The Wellesley Recreation Commission on Monday, May 15 met to discuss the latest on the town’s pickleball dilemma, figuring out how to satisfy both people who want to play the paddle sport and neighbors who want relief from the noise.
The Commission had planned to discuss a proposal for a sound study from a firm called HMMH introduced at its previous meeting, but that outfit decided not to make a bid after receiving the town’s request, which was for a multifaceted study across courts, weather conditions, time of day, and use of different types of pickleball equipment, including sound-muffling gear.
That left most of the meeting for commissioners to deliberate over a recommendation to the School Committee, which oversees the courts at Sprague Field, Wellesley’s pickleball hotbed.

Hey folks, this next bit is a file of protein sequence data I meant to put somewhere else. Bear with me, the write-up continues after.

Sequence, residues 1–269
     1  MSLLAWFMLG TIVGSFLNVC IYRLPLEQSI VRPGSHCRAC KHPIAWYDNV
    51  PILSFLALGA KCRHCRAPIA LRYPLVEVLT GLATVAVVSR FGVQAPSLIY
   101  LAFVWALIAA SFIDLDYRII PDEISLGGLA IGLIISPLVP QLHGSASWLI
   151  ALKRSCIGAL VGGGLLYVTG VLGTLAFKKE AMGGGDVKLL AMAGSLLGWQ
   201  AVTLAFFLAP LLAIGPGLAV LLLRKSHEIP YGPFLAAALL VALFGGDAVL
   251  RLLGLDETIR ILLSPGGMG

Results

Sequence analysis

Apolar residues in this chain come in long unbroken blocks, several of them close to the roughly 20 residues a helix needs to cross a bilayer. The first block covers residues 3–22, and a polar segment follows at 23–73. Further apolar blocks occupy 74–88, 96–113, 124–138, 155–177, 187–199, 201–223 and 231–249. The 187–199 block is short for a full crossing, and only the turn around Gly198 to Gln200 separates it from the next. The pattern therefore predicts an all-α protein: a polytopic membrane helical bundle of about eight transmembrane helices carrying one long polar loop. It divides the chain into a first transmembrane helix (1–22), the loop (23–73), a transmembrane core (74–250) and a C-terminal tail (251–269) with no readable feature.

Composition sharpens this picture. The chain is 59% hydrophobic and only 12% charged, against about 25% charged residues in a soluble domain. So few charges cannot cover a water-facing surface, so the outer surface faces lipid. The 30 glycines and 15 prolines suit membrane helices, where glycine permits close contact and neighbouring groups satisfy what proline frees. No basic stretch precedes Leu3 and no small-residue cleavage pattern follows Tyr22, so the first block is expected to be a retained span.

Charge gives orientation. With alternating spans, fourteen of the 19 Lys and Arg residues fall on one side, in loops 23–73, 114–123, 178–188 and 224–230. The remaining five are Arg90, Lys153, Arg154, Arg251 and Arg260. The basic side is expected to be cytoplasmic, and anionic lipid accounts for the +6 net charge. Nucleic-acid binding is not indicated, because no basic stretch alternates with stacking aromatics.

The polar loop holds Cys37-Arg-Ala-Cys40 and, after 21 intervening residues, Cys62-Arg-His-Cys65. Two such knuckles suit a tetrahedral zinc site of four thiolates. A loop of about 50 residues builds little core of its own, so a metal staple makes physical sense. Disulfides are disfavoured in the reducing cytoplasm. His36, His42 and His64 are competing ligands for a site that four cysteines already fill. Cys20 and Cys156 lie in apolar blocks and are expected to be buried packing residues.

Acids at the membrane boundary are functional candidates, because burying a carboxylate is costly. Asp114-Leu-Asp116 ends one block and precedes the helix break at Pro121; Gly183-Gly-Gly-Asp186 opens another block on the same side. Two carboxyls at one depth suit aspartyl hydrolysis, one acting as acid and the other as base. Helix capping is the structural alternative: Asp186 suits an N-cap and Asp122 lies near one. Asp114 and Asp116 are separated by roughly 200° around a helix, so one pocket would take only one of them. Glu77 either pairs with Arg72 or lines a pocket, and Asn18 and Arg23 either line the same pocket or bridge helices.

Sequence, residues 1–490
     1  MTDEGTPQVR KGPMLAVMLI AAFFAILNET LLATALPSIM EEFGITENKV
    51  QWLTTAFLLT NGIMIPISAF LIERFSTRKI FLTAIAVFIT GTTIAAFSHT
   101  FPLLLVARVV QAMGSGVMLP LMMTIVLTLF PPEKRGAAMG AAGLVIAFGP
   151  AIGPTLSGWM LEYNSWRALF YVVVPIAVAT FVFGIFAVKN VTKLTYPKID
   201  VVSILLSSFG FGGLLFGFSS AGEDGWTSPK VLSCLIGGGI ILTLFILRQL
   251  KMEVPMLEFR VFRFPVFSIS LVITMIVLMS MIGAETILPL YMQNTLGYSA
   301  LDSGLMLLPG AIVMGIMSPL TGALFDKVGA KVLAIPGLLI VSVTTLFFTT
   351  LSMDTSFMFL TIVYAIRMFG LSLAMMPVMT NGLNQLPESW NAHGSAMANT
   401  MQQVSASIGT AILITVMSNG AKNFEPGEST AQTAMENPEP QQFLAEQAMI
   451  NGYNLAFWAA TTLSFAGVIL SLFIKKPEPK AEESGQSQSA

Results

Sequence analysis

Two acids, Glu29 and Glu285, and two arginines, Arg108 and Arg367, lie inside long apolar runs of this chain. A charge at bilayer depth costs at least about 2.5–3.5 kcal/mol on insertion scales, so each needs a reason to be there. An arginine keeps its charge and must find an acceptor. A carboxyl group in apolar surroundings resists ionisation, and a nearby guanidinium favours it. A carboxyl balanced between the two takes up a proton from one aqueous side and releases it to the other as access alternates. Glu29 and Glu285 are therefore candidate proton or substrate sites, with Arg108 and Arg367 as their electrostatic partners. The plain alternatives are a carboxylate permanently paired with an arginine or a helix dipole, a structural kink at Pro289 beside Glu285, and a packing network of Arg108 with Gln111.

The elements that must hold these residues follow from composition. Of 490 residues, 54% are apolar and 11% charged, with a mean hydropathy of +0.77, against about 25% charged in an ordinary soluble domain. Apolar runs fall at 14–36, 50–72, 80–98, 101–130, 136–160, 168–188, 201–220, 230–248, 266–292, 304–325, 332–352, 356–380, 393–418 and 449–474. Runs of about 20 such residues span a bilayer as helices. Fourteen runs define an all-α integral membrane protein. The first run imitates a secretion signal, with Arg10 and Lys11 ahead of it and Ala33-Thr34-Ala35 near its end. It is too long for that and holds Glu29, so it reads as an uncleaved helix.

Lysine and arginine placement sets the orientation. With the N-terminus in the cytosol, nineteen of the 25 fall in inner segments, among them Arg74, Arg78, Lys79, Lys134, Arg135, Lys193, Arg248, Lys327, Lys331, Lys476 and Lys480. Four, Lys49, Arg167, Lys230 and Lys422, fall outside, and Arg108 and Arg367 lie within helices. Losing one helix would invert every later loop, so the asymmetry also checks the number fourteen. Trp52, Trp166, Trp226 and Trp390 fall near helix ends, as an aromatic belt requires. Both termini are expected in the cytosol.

The meeting started with citizen speak, including from neighbors who pleaded with the Commission to find other places in town for pickleball to be played. One caller, Rob Mastroianni from Falmouth, described a lawsuit that neighbors have brought against the town of Falmouth over pickleball noise and a temporary injunction that has shut down courts for pickleball. “We’re going to court feeling pretty good and positive,” he said, noting that the Sprague court situation isn’t all that different than the one in Falmouth. “There’s not a lot of reason why the abutters and neighbors [in Wellesley] shouldn’t take the same path,” he said. Though added: “I think it should be avoided, it’s very divisive…”